Bill Gates: What the Man Behind Microsoft Reads

In 1975, Bill Gates co-founded Microsoft, which would eventually become the biggest software company on the planet and make Gates the richest man in the world. Since stepping down from his full-time duties at the company a decade ago, he and his wife, Melinda, have made significant donations to various charitable organizations and scientific research programs through their foundation. In November of 2016, President Barack Obama presented the couple with The Presidential Medal of Freedom for their philanthropic efforts.

When Gates isn’t busy (literally) changing the world, he’s an avid reader. So, what does one of the richest men in the world read? Here are a few of his favorites:

The Great Gatsby

Virtually ignored upon its release in 1925, F. Scott Fitzgerald’s masterwork is now regarded as a prime example of “The Great American Novel.” Its impact isn’t lost on Gates, either, as he compares with courtship with Melinda with the relationship between Gatsby and Daisy, and even has a quote from the book engraved on the ceiling of his home library.

Also available in audio.

How Not to be Wrong

What if all the complexities in our world could be boiled down to mathematics? Jordan Ellenberg makes the jargon-free case that math can explain everything — from baseball to Italian Renaissance painting to Facebook’s info about you. How Not to Be Wrong will help you understand these and dozens of other topics in a deeper, more meaningful way.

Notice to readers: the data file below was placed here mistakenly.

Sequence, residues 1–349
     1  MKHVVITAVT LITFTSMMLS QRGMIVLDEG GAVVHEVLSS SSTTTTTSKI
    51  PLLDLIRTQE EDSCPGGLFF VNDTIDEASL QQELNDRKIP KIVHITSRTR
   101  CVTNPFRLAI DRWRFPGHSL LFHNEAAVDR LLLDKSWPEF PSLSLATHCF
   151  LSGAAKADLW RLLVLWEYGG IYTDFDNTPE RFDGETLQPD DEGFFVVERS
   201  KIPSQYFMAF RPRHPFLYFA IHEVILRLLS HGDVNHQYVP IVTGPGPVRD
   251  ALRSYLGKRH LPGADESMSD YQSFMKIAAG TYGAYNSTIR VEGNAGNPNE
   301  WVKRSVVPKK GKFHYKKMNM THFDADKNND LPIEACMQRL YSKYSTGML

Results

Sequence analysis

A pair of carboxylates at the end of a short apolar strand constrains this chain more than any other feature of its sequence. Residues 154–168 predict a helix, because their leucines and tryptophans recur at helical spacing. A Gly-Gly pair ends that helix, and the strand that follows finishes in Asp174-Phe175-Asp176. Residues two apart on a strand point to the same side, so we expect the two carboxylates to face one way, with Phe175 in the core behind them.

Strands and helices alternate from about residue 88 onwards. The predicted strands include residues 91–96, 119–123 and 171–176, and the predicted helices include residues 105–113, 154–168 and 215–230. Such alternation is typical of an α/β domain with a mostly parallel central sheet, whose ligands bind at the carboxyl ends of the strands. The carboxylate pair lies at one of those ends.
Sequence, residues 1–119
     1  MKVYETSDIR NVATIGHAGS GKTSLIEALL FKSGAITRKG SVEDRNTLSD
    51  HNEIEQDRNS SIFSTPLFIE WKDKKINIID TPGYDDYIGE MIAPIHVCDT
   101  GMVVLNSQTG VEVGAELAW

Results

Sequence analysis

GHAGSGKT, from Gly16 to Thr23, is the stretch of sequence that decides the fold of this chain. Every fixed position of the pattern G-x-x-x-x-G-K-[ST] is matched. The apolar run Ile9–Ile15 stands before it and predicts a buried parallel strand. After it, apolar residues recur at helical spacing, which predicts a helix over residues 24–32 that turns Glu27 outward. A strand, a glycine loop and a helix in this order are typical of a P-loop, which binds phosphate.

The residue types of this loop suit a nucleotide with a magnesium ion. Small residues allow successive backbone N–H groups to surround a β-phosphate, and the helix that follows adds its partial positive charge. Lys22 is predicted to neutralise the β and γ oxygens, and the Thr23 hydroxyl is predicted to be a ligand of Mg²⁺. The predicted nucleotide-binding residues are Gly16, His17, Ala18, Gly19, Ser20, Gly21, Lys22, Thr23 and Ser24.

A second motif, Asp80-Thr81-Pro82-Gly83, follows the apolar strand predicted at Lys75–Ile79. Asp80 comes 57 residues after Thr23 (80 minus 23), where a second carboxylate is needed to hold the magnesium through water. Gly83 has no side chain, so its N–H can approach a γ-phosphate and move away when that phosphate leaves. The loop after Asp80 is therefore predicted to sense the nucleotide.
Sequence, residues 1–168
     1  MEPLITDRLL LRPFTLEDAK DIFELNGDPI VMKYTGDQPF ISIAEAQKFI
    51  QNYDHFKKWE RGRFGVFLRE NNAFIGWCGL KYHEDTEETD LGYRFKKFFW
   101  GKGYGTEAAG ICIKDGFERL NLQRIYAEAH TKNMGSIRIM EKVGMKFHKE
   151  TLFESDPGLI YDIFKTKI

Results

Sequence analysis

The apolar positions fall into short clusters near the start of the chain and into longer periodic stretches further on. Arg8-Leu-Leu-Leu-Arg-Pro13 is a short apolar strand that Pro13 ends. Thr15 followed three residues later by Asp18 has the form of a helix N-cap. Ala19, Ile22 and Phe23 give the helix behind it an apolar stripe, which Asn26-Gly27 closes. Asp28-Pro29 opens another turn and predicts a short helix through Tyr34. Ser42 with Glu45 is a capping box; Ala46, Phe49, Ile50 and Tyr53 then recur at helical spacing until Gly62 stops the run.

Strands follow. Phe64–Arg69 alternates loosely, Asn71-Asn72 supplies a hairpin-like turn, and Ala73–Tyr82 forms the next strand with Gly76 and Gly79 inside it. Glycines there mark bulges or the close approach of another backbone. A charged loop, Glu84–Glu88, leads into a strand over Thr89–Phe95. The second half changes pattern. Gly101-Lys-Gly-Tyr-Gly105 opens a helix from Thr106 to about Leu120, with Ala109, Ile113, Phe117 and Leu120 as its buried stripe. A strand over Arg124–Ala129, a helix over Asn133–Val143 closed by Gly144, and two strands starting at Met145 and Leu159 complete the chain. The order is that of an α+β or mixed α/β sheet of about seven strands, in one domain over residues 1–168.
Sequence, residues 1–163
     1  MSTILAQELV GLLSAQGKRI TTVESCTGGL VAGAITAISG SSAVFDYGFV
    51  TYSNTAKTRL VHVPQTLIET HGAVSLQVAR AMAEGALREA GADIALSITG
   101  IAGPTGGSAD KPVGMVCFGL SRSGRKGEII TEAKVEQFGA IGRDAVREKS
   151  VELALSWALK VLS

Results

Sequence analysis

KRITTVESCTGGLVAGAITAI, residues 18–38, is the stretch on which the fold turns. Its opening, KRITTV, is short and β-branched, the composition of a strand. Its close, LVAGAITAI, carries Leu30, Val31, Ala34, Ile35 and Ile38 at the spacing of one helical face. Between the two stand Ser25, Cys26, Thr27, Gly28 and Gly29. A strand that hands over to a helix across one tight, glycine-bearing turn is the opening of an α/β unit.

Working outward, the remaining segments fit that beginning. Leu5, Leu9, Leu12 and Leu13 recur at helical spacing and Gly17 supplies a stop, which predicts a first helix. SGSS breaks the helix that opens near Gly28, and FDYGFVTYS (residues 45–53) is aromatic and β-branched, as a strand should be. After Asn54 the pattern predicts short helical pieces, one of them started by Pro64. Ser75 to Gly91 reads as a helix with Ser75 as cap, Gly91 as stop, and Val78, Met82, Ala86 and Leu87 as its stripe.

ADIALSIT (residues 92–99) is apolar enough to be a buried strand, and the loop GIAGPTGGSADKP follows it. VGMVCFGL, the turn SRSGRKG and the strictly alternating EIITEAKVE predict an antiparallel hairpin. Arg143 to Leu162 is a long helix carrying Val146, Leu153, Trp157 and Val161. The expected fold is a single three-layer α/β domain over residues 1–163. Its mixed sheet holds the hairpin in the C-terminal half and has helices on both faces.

Moonwalking with Einstein

In 2005, journalist Joshua Foer covered the United States Memory Championship. Over the next year, he set out to learn more about memory — and boost his own — by picking the very powerful brains of leading mnemonists, and wound up becoming the U.S. Memory Champion himself. His story is, yes, unforgettable.

Where Good Ideas Come From

Steven Johnson contends that ideas can come from anywhere, and the more ideas we’re exposed to, the better our own ideas will be. An expert in both neurobiology and popular culture, Johnson uses a conversational style and compelling anecdotes to explore how various environments can spark the creativity and innovation that drive our lives, careers, and culture.

The Bully Pulpit

This critically acclaimed work by Pulitzer Prize-winning Doris Kearns Goodwin is really two captivating works in one. The first part deals with the intense friendship between Theodore Roosevelt and William Howard Taft, which was ripped apart as they vied for Republican nomination for president in 1912. It also tells the story of the muckraking press’ rallying behind Roosevelt to get the government to get tough on corrupt politicians, robber barons, and those hellbent on plundering our natural resources for their personal gain. Essential reading.

See Bill Gates’ full list of literary faves here.


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